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A recent personal experience gave me an inside and up-close look at the effects of shame culture and an understanding of how deep shame runs in our society.
The experience in question was a pregnancy—an unwanted pregnancy—the product of my boyfriend and I having unprotected sex.
I lived in a small mountain village off the Mediterranean Coast of Turkey with the man of my dreams when I realized that I was pregnant. I knew with immediate certainty that I wanted to schedule an abortion. So, with my partner’s support, we began the trying process of securing a safe appointment in our small, somewhat remote Turkish village.
This decision, though unwavering, did come with its emotional grievances. I was, after all, carrying the offspring of mine and the love of my life. I dream of having a family with this man one day, and this pregnancy pulled on those heartstrings like a harpist amid a bravado.
I quickly learned that there wasn’t space for my grief in the bulk of society. “You made this choice, so you will have to deal with those consequences without empathy,” the ghost of society whispered from the shadows. This message was communicated through words, faces, tonalities, and interrogative responses from people I talked to along the way.
I found that even people who were self-proclaimed “pro-choicers” would often ask intrusive questions, trying to get to the bottom of the decision I had made, to judge it properly.
Yes, I did make a decision. I’ve made endless decisions throughout my Earth journey, and those decisions inevitably have consequences that I must, too, face. Perhaps, every challenge we face is in some way a result of a decision we’ve made along the way.
I must wonder, have we collectively decided that compassion is conditional now?
The conditional nature of compassion these days has become the breeding ground for a rich culture of shame. Most of us hide our darkest and most painful secrets because we fear that we will be judged instead of receiving empathy if we share. And this fear was not born without cause, for we live in a society that is riddled with judgments, stigmas, and shame.
Most humans feel so disconnected and alone when in reality, we all have secrets festering away in the dark part of our closet. In truth, we are all connected through those shadowy secrets, which we use to isolate ourselves.
After I had my abortion, I decided to share my story publicly. The weight of secrecy and shame was growing heavier by the day. I decided it was time to shine a light on that which I had buried in the shadows.
First, I shared directly with the members of my inner social circle, then to friends and colleagues. Finally, I shared it on my public social media platform. Can you imagine what happened as a result? I received lots of messages of support and also hate. More than anything else, however, I received people’s most vulnerable, personal stories. I heard stories of abortions from people I’ve never met and some of my closest friends.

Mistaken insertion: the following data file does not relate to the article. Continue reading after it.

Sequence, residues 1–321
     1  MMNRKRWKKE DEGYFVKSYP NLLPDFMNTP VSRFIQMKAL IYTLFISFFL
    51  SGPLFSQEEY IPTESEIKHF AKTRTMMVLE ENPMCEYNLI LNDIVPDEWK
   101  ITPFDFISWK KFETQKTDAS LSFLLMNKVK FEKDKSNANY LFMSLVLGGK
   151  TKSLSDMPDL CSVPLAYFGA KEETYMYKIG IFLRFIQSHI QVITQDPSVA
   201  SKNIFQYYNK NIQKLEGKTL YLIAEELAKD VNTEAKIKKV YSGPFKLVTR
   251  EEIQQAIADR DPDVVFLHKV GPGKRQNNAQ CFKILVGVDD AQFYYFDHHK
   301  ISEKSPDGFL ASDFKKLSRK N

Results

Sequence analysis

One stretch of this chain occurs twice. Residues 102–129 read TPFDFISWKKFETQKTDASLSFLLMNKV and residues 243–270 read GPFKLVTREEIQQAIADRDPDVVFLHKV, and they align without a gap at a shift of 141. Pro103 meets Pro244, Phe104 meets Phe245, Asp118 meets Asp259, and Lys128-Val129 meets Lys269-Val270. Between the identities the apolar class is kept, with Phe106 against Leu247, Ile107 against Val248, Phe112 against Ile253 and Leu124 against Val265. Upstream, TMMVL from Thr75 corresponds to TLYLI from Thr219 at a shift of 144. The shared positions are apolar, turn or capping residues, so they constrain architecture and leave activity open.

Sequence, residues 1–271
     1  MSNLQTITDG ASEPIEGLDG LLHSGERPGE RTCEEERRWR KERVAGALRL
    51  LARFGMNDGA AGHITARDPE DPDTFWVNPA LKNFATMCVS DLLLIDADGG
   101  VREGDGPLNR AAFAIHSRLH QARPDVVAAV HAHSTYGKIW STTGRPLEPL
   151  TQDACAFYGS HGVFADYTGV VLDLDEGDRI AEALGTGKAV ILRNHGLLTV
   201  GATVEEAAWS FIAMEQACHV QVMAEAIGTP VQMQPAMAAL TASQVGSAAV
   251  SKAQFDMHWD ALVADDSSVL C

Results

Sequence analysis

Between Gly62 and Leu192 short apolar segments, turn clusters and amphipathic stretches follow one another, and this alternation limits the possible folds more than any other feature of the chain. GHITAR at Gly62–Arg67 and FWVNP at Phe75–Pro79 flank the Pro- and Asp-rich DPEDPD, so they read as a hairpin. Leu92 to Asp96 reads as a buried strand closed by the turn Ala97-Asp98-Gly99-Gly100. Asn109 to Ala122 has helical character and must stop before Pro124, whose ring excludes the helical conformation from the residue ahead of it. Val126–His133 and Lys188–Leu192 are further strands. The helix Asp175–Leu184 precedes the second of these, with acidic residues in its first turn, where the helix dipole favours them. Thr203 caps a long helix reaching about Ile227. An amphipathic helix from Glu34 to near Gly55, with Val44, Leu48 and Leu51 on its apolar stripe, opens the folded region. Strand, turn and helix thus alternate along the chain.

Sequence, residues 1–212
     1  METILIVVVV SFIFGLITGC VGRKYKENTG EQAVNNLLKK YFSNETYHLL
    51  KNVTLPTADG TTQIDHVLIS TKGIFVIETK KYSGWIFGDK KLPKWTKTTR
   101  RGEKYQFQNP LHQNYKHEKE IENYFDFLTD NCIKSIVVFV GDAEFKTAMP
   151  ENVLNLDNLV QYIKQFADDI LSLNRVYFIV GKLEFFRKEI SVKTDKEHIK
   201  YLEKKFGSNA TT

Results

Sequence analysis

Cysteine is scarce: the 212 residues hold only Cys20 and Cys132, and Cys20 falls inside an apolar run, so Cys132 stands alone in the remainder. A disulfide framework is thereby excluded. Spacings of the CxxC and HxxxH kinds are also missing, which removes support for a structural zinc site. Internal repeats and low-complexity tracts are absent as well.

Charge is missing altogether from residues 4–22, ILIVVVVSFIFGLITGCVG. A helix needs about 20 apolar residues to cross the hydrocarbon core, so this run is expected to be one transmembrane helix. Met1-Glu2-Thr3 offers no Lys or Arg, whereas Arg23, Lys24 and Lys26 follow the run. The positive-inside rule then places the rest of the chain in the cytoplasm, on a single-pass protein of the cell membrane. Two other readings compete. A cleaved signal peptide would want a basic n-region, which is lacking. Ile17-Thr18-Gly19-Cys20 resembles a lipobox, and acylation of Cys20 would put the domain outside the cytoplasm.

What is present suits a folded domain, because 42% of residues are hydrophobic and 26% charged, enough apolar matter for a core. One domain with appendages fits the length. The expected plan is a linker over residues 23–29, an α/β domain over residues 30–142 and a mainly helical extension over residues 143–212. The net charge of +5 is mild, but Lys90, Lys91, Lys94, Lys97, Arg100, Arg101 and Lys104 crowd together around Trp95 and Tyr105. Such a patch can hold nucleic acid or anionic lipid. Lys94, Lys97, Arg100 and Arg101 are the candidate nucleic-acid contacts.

I couldn’t believe how common abortions were amongst my little community. The numbers were staggering, and I walked away, shaking my head in bewilderment.
We’re all hiding our deepest scars underneath our shame, but those scars are what connect us. We compare ourselves to fake versions of other people and perpetuate the illusion of separation through shame and silence. And until we can look at the truth of who we are (scars and all) square in the face, we will struggle to change anything in this world. We cannot change what we don’t acknowledge, and the shame we bury inside collectıvely is being reflected in the darkness of the world right now.
I need you to know that whatever you’ve done, you’ve done nothing wrong. Your feelings and your story are important and deserve a place in this world. Your shame and your pain deserve a voice and a compassionate ear. Whatever secrets you hold, I promise that you are not alone.
Perhaps we can begin to liberate the truth from one another by liberating the truth from ourselves.
I decided that I was not going to live in shame for having an abortion. Instead, I feel grateful for living in a time and place that affords me safe options. Instead, I feel proud for owning my story and permitting others to own theirs through that process. I feel connected to so many other women who have braved similar paths.
Shame gets to be a means of connection instead of isolation if we choose to use it as such.
It begins wıth reclaiming our voice and owning our story—our truth. In other words, we are letting the world see the parts of ourselves that we promised never to reveal.
Only from this place can we begin to alchemize heaviness into lightness, isolation into connectedness, fear into love.